A leading psychologist has warned against the assumption that smoking pot is safer than consuming alcohol.
Sir Robin Murray, a professor of Psychiatric Research at the Institute of Psychiatry at King's College London, told the Times that around a third of psychosis patients at his south London practice had been users of potent cannabis.
He said those affected were mostly young, and coming to the clinic with problems like debilitating paranoia and hallucinations.
He told the newspaper that the high cannabis-related caseload was affecting the care of other patients.
"I think we're now 100 per cent sure that cannabis is one of the causes of a schizophrenia-like psychosis," he said.
"If we could abolish the consumption of skunk we would have 30 per cent less patients [in south London] and we might make a better job of looking after the patients we have."
The warning from Sir Robin coincides with reports of a new pilot scheme in London that would offer 18- to 24-year-olds caught with a "small amount" of cannabis educational courses on the harms of drug use instead of arrest.
As more countries around the world move to decriminalise cannabis use, a recent American paper warned that the link between the drug and schizophrenia "needs our special attention".
The paper, by researchers at the California Institute of Behavioral Neurosciences & Psychology, warned that frequent users were twice as likely to suffer from schizophrenia in later life.
"Case-control studies show that earlier and higher doses of cannabis use lead to the more rapid development of psychotic symptoms," the researchers said.
"Frequent use of cannabis, especially the start of use at a younger age, doubles the risk of schizophrenia development in the future.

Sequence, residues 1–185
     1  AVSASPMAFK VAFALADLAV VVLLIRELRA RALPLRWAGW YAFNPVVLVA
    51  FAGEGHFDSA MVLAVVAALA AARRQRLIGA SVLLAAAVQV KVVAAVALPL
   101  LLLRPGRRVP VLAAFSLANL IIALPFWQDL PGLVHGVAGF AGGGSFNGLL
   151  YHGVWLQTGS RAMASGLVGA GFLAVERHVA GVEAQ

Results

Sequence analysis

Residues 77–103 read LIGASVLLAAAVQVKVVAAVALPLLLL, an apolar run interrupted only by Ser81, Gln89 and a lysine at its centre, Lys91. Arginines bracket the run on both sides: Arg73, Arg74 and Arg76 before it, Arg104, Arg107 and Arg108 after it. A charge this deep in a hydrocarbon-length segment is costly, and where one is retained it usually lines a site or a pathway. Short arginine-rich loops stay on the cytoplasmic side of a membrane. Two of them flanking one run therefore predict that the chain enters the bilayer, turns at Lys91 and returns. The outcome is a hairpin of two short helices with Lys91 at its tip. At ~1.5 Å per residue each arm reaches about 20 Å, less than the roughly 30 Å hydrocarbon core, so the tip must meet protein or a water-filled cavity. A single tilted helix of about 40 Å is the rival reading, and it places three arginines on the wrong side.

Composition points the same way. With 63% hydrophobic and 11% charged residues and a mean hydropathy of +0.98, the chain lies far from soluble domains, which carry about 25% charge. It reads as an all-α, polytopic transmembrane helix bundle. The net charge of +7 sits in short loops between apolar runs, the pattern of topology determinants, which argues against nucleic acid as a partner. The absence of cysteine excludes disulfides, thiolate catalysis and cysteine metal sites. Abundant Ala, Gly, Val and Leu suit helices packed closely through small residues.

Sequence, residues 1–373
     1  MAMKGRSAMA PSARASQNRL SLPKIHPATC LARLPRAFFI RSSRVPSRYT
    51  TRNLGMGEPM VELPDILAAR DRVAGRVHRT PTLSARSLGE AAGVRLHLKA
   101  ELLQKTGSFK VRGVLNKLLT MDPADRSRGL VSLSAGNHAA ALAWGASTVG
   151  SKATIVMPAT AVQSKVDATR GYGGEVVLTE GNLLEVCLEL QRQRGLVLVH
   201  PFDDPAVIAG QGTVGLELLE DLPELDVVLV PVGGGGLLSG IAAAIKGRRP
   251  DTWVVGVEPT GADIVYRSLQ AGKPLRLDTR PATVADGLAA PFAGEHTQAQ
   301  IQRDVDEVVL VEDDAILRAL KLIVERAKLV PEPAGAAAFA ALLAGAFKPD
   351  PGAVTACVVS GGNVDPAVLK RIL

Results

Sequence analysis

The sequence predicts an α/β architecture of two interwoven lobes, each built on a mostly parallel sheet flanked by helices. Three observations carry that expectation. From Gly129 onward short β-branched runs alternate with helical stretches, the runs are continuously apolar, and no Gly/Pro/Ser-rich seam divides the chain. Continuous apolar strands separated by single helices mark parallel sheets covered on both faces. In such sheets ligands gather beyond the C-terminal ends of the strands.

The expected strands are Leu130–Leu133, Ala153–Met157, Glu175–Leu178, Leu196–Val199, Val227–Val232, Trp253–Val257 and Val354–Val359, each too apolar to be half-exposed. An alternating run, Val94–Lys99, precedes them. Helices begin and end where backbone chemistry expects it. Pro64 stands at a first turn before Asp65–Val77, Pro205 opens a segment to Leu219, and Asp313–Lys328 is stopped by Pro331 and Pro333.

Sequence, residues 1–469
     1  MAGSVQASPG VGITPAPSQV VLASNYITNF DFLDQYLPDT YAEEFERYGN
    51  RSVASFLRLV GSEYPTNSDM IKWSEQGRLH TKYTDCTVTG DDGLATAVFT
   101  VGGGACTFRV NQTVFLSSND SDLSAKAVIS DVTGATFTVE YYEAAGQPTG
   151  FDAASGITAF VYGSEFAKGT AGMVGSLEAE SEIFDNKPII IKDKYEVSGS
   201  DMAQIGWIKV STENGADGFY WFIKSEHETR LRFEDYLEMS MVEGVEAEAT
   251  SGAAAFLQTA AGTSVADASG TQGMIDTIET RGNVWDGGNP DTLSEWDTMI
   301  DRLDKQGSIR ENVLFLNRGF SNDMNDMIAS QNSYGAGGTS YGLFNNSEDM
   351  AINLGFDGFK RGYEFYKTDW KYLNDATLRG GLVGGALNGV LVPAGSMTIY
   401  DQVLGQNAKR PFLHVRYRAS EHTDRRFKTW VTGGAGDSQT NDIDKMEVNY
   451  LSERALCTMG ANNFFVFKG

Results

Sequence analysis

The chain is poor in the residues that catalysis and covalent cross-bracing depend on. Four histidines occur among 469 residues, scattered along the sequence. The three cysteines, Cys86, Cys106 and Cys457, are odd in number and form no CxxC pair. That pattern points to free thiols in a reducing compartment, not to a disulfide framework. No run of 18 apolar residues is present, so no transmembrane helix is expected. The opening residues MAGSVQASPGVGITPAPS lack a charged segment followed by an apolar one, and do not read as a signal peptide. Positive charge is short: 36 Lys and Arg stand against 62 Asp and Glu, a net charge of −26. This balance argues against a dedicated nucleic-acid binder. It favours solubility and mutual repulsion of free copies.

"Daily use of marijuana increases the risk of psychotic illness development with as much as five times higher risk in persons using high potency THC (tetrahydrocannabinol - the component of cannabis that produces the 'high')."
A separate study published in The Lancet Psychiatry in 2019 found that daily cannabis use - and especially of high potency cannabis - was "strongly linked" to the risk of developing psychosis.
Out of 11 sites across Europe and one in Brazil, the link was found to be strongest in London, where three in 10 cases were linked to high potency use, and in Amsterdam, where the rate was five in 10.
Dr Marta Di Forti, lead author from the Institute of Psychiatry, Psychology, and Neuroscience at King's College London, UK, said: "Our findings are consistent with previous studies showing that the use of cannabis with a high concentration of THC has more harmful effects on mental health than the use of weaker forms.
"They also indicate for the first time how cannabis use affects the incidence of psychotic disorder at a population level.
"As the legal status of cannabis changes in many countries and states, and as we consider the medicinal properties of some types of cannabis, it is of vital public health importance that we also consider the potential adverse effects that are associated with daily cannabis use, especially high potency varieties."